Mises Daily Articles
The SEC Makes Wall Street More Fraudulent
Tags Austrian Economics Overview
The mainstream reaction to the Bernard Madoff scandal was inevitable. Whenever a government regulatory agency proves itself to be incredibly incompetent or corrupt, the respectable media swoop in to declare that the "free market" has failed and the agency in question obviously needs more money and power.
Whether it's the Department of Education's failure to produce kids who can read, the FBI's accusations against innocent people in high-profile cases, or the FDA cracking down on tomatoes, the answer is always the same: proponents of bigger government argue that yes, mistakes were made, but the solution of course is to shovel more taxpayer money into the agencies in question.
In the private sector, when a firm fails, it ceases operations. The opposite happens in government. There is literally nothing a government agency could do that would make the talking heads on the Sunday shows ask, "Should we just abolish this agency? Is it doing more harm than good?" It's not just Fannie Mae and Freddie Mac: throughout history, virtually every agency created by the federal government has been deemed too important to fail. (I vaguely remember some Republicans in the mid-1990s holding a press conference and declaring that the Department of Commerce was done, and that voters could "stick a fork in it." I guess they found it was still pink inside.)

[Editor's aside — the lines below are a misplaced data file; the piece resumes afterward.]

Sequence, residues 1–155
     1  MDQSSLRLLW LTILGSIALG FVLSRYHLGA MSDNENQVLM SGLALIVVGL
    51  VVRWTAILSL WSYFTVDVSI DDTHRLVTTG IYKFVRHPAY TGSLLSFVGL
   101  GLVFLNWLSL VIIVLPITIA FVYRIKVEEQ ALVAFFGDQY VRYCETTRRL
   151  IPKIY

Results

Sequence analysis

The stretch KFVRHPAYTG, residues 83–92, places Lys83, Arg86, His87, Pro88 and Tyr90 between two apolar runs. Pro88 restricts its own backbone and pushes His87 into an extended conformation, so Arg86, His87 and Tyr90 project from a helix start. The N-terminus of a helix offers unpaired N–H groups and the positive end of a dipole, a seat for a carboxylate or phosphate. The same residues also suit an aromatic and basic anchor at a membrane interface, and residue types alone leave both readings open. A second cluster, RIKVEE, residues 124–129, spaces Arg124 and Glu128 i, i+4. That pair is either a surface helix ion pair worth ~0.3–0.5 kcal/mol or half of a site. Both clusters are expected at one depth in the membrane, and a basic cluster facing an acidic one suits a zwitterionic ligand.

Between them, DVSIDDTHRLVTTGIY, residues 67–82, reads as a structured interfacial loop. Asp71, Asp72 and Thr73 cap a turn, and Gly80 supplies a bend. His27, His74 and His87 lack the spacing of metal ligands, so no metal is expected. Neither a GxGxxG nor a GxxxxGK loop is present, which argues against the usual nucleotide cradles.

Madoff's Ponzi Scheme
The pattern plays out perfectly with the SEC and the Madoff bombshell. Suppose a few years ago, I told a group of MBAs to imagine the worst screwup that the SEC could possibly perform, something so monumentally incompetent that members of Congress might openly question whether the agency should continue. I think that at least half of the class would have come up with something far less outrageous than what has happened in fact.
Everyone who reads the headlines knows that Bernard Madoff is accused of running a massive Ponzi scheme that, for over a decade, has ripped off investors to the tune of $50 billion. But those who dig a bit deeper learn that Harry Markopolos, who used to work for a Madoff rival, has been writing the SEC since at least May 1999, urging them to put a stop to Madoff's Ponzi scheme. (Markopolos examined the options markets that Madoff told investors he used to hedge his positions and yield his steady stream of dividends, and Markopolos concluded that Madoff's results were impossible.) Incredibly, the SEC apparently had evidence in front of its face sixteen years ago (in relation to another case) that Madoff was a crook.